First, I'd like to thank everyone that contributed to my thread seeking myth-information in federal contracting. I culled another 20 pieces to add to the seven that I was able to come up with. If you come across any or are able to think of any more, please add to the thread or send me a message.
Second, I'd like to comment on something that Retreadfed wrote in the aforementioned thread:
I presume Don's point in starting this discussion was to demonstrate the many points of ignorance (not stupidity) that exist in the procurement world.
While I hadn't thought about it, I like the distinction that Retreadfed made. Myth-information exists due to ignorance of the rules. If you want to read about stupidity, there's an excellent compilation of it in DoD's Encyclopedia of Ethical Failures (don't miss the 2008 update).
Now, back to the point of this entry. Vern Edwards contributed the following nugget to the misinformation thread:
During a source selection, anything that you say to one offeror you must say to all other offerors.
No doubt this belief is the result of overlawyering and/or taking the "better safe than sorry" approach to source selection. Let's take a look at what the FAR says concerning this subject. FAR 15.201(f) states:
General information about agency mission needs and future requirements may be disclosed at any time. After release of the solicitation, the contracting officer must be the focal point of any exchange with potential offerors. When specific information about a proposed acquisition that would be necessary for the preparation of proposals is disclosed to one or more potential offerors, that information must be made available to the public as soon as practicable, but no later than the next general release of information, in order to avoid creating an unfair competitive advantage. Information provided to a potential offeror in response to its request must not be disclosed if doing so would reveal the potential offeror?s confidential business strategy, and is protected under 3.104 or Subpart 24.2. When conducting a presolicitation or preproposal conference, materials distributed at the conference should be made available to all potential offerors, upon request.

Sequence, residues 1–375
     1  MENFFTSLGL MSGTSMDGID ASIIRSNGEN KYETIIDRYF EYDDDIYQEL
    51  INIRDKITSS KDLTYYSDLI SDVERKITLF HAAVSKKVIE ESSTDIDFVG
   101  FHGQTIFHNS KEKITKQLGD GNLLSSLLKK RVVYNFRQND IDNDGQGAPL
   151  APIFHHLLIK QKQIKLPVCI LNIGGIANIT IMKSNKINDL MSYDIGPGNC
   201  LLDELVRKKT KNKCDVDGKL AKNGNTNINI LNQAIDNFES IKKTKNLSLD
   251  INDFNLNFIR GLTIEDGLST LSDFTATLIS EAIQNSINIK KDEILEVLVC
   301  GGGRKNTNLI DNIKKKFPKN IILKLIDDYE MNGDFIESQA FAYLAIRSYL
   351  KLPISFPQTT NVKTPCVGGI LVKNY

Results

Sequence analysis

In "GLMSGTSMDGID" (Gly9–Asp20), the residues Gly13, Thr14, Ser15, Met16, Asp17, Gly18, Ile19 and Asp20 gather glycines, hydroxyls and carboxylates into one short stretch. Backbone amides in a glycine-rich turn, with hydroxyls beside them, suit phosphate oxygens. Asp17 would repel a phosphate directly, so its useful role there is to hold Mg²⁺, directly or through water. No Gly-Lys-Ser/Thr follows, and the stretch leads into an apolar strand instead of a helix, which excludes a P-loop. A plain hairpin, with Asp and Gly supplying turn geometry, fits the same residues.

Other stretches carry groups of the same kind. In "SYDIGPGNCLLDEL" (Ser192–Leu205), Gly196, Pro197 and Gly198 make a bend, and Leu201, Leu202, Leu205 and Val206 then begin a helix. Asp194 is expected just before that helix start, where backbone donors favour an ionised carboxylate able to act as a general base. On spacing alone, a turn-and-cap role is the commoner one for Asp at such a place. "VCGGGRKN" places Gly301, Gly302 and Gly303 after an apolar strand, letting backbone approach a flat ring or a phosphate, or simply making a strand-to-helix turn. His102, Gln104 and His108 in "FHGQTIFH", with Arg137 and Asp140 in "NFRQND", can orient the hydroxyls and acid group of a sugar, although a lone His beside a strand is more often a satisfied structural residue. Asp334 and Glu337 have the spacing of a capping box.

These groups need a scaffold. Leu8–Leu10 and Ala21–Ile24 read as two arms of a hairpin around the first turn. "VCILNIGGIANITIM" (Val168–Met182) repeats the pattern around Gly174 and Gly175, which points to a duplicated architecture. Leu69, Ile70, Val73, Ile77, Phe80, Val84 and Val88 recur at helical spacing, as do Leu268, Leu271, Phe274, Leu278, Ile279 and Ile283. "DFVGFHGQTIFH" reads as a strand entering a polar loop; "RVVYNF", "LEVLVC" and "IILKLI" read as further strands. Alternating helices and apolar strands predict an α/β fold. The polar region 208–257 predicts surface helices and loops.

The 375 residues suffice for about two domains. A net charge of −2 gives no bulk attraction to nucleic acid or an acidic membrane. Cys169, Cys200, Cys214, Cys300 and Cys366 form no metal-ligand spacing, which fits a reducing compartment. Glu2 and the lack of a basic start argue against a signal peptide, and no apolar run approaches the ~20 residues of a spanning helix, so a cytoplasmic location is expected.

As you can see, the scope of the information that must be shared with all offerors when it is shared with one offeror prior to receipt of proposals is much narrower than "anything that you say." However, it is common practice at some contracting activities to record every question received and answer provided regarding an RFP (no matter how mundane) in an amendment and issue to all prospective offerors (the better safe than sorry approach). While such an approach is compliant, it is not required and makes for long amendments and the excessive provision of information.
Regarding what can be said during discussions, FAR 15.306(d)(1) states:
Discussions are tailored to each offeror's proposal, and shall be conducted by the contracting officer with each offeror in the competitive range.
Tailored. This necessarily means that you are not required to discuss the same areas with each offeror. In Trident Sys., Inc., Comp. Gen. Dec. B-243101, the rule was stated as follows:
nsofar as Trident alleges the Navy did not hold equal discussions because the offerors were not asked the same questions, the only additional question Trident was asked concerned its relationship with its subcontractor; SPA was not asked this question because SPA did not propose to use a subcontractor. In any case, in order for discussions to be meaningful, contracting agencies must furnish information to all offerors in the competitive range as to the areas in which their proposals are believed to be deficient so that the offerors have a chance to revise their proposals to fully satisfy the agency requirements...In other words, since the number and type of proposal deficiencies will vary among offerors the agency should tailor the discussions for each offeror, based on the offerors' evaluated deficiencies.
Exchanging information with offerors involves thoughtful judgement and discretion. Unlike some other areas of contracting, it is not a mechanical exercise governed by a simple mandatory rule. Those who shy away from using their judgment and discretion (probably to avoid criticism) are always in search of mandatory rules (even if none exist) such as "During a source selection, anything that you say to one offeror you must say to all other offerors." This contributes to the persistence of myth-information. Don't be one of those people.